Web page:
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|Essays · Travelogs · Poetry · Comedy · Art · Digifilm||spring 2007|
How to Get to Me
Hong Kong, July 1996,
"So how do you find Hong Kong?" asked Gerri, on the overseas phone call from Manila for which he was paying.
"It's easy--the plane takes you straight there," I said, and then, after a beat, explained that it was a stupid joke.
Gerri: Filipino friend of a DC Filipino friend. He's based in Hong Kong. He & his lover were the only humans here with whom I was acquainted on arrival.
How do you find David?
It's easy. Take an aeroplane to Hong Kong. Get off. Get your things. Take a cab to some mid-priced hotel, stay a couple of nights, order sirloin steak from room service. On your second night, leave your hotel at about 2:30 a.m. to try to find a bite to eat. Notice a woman in a long, flowing, sheer black garment. She is walking the street. Be unsure why.
Next day, take the MRT (subway) to Causeway Bay station. There are ten million different exits at every MRT station, so listen carefully:
Roam around a while and eat at McDonald's. Notice that they don't have QuarterPounders there. Order a Big Mac, all the while wondering what it is you're doing that's causing your cashier apparent discomfort. Maybe it's because you're looking her in the eye? Is that rude in this Territory? Make a mental note to look it up in the "Etiquette" section of your Lonely Planet guide. Wonder if you're eating British Beef. Briefly amuse yourself with the thought, "Mad Cow Disease....Hey, if I was a cow, I'd be mad too!"
Then go to the escalator next to the three mannequins with shocking lime green hair and clothing and ascend to the next floor. One more floor up, and you're at ground level. Leave the building. Look around for awhile in a futile try to get your bearings. Head toward the busiest intersection in sight. Pass by the many shops of mushrooms, herbs and dried seafood that stink in ways your frantically working nosebuds can't keep track of. At the same time, feel the cooling relief from subtropical summer heat as gallons of fresh-pumped air-conditioned air cascade upon your body from the open "fourth wall" of every streetside shop. "Whaddaya gonna do--air-condition the whole town?" asks your father as you forget to shut the front door coming in from playing outside one sweltering afternoon.
"Hey, it's how people do it in Hong Kong, and it works!" you reply, twenty or thirty or forty years later.
Pass Wing Lung bank. Imagine a winged lung. Take the giant outdoor escalator-over-the-street thing. Don't forget to get a look at "Fun Fun World," which must surely be a fun place. Pass by a backlit street poster of a young Chinese man wearing a striped, tight-fitting pullover and looking like a sexy, pouting Asian Gilligan.
Here is the stretch where you will be offered many leaflets covered in Chinese characters that are completely incomprehensible to you. Gleefully accept them all, especially from those hawkers who don't really try to hand you one since you're an obvious gweilo [Cantonese for "farang"] and can safely be presumed unable to read Chinese. Take even duplicates of leaflets given to you by other shy hawkers whom you've met just 20 feet ago. Pretend to read each one earnestly, and make sure the hawkers see you--you may succeed in confusing them, and confusion is the beginning of wisdom.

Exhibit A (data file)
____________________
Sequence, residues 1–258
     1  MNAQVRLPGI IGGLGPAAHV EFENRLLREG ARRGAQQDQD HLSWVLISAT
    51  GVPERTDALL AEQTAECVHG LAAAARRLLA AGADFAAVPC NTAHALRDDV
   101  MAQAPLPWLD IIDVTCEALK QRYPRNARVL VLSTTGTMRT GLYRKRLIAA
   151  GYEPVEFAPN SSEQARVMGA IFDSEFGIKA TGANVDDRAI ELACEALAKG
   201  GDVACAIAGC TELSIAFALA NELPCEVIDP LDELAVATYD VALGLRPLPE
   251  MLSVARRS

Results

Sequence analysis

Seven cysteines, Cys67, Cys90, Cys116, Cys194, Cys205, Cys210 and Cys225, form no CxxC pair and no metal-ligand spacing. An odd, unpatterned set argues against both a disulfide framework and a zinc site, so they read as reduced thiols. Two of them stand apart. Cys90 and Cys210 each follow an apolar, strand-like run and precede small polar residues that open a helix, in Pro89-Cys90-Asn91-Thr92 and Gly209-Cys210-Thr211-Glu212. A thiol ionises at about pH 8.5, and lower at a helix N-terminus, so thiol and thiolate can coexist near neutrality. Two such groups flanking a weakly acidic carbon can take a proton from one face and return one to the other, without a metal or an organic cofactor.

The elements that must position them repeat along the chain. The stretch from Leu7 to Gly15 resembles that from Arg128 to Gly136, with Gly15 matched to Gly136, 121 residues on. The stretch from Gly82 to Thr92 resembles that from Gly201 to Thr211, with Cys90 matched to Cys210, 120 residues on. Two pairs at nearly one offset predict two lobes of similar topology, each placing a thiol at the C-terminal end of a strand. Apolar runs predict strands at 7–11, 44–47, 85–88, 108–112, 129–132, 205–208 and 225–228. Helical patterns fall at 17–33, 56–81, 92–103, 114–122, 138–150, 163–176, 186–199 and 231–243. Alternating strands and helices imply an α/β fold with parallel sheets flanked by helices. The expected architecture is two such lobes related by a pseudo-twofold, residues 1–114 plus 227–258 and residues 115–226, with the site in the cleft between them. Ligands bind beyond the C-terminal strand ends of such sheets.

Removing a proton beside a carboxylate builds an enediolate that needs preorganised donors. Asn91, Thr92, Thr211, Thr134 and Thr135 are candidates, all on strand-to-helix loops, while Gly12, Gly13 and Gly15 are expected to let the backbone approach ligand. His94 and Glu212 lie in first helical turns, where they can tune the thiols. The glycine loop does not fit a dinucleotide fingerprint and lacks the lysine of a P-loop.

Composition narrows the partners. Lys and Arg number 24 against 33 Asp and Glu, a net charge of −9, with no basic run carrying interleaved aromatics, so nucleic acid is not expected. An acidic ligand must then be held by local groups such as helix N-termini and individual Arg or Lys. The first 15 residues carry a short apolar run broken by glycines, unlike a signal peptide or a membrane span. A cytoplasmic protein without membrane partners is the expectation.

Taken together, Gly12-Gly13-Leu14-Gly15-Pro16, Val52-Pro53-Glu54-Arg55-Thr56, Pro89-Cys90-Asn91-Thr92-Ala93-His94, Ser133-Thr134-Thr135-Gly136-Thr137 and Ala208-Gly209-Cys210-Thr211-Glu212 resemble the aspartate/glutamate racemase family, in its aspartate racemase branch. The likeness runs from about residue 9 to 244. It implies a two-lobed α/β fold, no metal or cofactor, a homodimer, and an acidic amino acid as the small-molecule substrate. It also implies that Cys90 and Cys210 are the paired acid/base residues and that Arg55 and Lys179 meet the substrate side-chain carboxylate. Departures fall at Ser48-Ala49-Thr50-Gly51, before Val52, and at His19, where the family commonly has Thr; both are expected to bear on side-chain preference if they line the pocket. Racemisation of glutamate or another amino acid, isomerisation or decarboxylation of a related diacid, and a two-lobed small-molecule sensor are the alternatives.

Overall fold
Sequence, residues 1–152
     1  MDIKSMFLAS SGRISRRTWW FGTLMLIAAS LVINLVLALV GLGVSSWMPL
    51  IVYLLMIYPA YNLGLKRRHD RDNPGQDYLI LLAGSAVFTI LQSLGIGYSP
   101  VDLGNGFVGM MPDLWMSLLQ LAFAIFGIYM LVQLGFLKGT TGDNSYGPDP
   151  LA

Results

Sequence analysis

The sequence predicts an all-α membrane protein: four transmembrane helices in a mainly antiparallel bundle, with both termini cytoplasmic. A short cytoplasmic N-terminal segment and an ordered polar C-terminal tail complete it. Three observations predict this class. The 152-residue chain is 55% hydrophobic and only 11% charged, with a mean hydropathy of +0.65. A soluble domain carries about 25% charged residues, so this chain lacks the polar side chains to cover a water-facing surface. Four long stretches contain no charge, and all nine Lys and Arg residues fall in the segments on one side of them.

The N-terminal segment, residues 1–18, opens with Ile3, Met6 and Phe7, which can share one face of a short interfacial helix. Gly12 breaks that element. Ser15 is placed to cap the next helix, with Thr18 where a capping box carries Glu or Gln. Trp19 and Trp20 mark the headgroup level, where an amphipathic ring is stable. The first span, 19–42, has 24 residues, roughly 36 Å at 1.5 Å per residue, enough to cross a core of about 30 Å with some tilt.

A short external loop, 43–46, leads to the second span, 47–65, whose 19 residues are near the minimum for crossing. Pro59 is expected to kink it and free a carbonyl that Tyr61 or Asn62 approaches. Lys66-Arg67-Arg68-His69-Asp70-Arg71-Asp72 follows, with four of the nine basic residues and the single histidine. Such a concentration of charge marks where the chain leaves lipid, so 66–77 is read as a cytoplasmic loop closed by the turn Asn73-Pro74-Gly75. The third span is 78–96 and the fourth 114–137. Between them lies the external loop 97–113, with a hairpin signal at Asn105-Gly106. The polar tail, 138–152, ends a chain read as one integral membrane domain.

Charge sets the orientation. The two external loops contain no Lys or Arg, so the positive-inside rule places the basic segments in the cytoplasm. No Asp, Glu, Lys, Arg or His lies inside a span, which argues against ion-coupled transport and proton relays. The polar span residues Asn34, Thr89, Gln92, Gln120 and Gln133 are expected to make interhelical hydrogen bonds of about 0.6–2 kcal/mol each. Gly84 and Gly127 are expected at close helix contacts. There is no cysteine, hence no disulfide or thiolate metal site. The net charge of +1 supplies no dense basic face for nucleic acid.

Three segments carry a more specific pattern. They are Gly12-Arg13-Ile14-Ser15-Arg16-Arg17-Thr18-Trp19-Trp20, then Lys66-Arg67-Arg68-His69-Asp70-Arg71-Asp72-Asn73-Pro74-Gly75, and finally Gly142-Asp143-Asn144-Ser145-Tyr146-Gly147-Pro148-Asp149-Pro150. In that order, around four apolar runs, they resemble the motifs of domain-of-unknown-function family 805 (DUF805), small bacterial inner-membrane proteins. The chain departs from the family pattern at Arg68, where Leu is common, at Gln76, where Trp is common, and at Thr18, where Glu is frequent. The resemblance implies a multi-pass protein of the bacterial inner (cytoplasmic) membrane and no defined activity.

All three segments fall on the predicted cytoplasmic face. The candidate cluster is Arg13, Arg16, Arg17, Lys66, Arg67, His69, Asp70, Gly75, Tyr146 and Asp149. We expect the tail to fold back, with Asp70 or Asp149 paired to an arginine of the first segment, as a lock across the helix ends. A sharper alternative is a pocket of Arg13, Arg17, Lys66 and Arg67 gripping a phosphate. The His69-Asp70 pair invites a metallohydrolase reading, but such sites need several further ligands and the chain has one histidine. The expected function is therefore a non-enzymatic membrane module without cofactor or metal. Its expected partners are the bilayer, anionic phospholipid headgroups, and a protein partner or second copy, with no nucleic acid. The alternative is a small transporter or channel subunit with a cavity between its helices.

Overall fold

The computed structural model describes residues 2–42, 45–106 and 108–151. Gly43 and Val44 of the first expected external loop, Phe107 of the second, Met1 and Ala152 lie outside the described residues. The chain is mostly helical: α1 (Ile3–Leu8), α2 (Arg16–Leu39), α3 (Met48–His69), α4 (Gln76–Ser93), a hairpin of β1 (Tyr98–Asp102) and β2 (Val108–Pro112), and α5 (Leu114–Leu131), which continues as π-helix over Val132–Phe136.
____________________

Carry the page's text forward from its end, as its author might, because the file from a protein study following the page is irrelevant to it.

Walk on past the leafleteer stretch to the middle-aged homeless man with the filthy, beat-up bare feet. Take notice of the young, attractive Chinese man near him, who is on crutches, is missing half of one foot, and seems rather out of it. Wonder why he is homeless; wish you could take him under your wing, offer him riches, restore his vitality. Do this, and you will undoubtedly get to me.
If you're of my ilk with regards to the appreciation of male Asian beauty, do not fail to notice the many shirtless men walking around, the sight of which will make you wish to offer them your own shirt: to some, as a gesture of kindness, admiration, perhaps as a beginning; to others, as an attempt to cover up their bulbousness or age-rattled skinniness.
When you get to the big Hong Kong Matsuzakaya store, turn left, to where you can see the "Vogue Alley" shopping area in the distance. Just a few paces past the corner, along the boarded up facade, and you'll come to the entrance of 27 Paterson Street. You'll see a dumpy, fattish older Chinese man selling newspapers and snacks. He will be saying something apparently to you, in Cantonese, but then you'll realize that he's talking to a nearby vendor. Please buy a South China Morning Post for me.
Take the fast elevator (the one that stops on only odd-numbered floors) to the top (17th) floor, turn right and right. Down the hall to the left you will see a huge, ornate, Chinese sliding metal door. Use the biggest key to unlock this door. Then use the middle-size key to unlock the conventional wooden door behind it. Go down to the end of the inner hall, to room 3. That's my room. Use the smallest key to unlock that door. Turn on the air-conditioner switch, and then come and sit down at my notebook computer and begin writing this e-log.
David SaiaDavid Saia traveled extensively in Southeast Asia in 1995-96. These travelogs were originally sent out via email to a select group of friends and acquaintances. The collected travelogs, now in manuscript form, are awaiting print publication.